🤥 Anti-Zionism is inherently anti-Semitic.

Answer 1

Criticism of Zionism is directed not against Jews but against occupation and colonization carried out by the state of Israel. Conflating criticism of Israel with anti-Semitism is a tactic employed to shield Israeli policies from legitimate condemnation. Sadly, this dilutes the necessary struggle against real anti-Semitism.

Answer 2

Many (and increasingly) anti-Zionists are Jewish and in fact consider Zionism to be dangerous for Jews in that it conflates Judaism with a political ideology (Zionism) that weaponizes their religion, promotes and depends on discrimination, ethnic cleansing and even genocide.

Answer 3

Some anti-Zionist Jews even consider Zionism to be a project which makes Jews less safe. They also decry Zionism’s problematic history of allying itself with anti-Semites to further Zionist aims and Israel’s agenda.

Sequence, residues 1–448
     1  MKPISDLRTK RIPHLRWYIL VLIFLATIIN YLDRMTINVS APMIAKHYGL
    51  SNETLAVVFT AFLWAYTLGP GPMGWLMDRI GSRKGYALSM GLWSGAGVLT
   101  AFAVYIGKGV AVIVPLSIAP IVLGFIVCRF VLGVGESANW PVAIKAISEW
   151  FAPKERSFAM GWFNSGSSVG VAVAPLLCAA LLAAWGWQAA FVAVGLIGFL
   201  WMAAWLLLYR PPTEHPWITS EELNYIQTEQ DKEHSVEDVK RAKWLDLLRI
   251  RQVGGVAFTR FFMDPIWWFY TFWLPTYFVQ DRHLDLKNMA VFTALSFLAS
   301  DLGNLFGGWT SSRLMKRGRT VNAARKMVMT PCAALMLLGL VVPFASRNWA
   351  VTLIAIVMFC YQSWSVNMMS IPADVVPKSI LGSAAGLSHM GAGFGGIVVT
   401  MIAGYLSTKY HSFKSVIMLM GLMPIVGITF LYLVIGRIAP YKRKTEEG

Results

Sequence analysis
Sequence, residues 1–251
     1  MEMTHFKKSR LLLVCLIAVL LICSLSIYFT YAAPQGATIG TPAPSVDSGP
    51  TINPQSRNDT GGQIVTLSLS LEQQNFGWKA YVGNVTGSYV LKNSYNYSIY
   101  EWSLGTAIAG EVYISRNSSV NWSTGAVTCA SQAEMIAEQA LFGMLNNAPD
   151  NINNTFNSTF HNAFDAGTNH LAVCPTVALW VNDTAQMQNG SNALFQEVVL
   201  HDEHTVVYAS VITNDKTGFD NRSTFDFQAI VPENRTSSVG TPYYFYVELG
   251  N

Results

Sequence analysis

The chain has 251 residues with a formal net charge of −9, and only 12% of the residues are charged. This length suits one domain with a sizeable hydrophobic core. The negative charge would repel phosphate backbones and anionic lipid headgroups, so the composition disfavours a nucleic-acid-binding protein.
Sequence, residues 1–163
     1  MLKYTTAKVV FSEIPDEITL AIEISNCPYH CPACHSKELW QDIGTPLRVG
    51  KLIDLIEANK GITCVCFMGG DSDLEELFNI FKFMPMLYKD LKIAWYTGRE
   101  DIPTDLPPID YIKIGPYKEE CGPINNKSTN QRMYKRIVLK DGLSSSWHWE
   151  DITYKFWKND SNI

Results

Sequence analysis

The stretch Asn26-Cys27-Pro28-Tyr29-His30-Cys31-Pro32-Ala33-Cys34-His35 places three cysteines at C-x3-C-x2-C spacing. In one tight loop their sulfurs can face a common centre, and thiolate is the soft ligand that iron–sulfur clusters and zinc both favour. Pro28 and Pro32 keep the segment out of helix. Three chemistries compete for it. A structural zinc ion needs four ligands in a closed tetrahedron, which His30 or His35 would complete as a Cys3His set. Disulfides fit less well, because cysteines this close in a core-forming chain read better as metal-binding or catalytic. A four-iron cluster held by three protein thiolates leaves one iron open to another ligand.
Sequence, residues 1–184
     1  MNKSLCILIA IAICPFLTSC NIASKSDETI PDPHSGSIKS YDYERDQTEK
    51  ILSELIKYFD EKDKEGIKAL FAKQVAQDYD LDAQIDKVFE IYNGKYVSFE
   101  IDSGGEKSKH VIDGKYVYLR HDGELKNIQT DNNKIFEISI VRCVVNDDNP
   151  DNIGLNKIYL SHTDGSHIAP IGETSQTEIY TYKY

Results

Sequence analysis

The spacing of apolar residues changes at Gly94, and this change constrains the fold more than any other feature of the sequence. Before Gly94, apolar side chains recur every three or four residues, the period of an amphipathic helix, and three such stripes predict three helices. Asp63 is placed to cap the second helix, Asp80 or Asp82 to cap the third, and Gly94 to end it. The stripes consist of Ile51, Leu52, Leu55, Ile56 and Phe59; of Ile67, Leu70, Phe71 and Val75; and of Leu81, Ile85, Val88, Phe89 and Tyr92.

Answer 4

Zionism is not Judaism. This conflation is incredibly dangerous and opens the door to anti-Semitism by falsely equating the policies of a rogue apartheid state (Israel) with the Jewish faith. To oppose Zionism is to oppose a political ideology and its state, not a religion or its practitioners.

Answer 5

Zionism is sometimes supported for explicitly anti-Semitic motives, as seen in various groups and movements. Christian Zionists, for instance, may hold anti-Semitic beliefs about Jews while supporting Zionism for biblical reasons. Additionally, right-wing nationalists in Europe and the United States may back Zionism because they desire Jewish expulsion or emigration to Israel, or because they view Israel as a model of a supremacist ethno-state.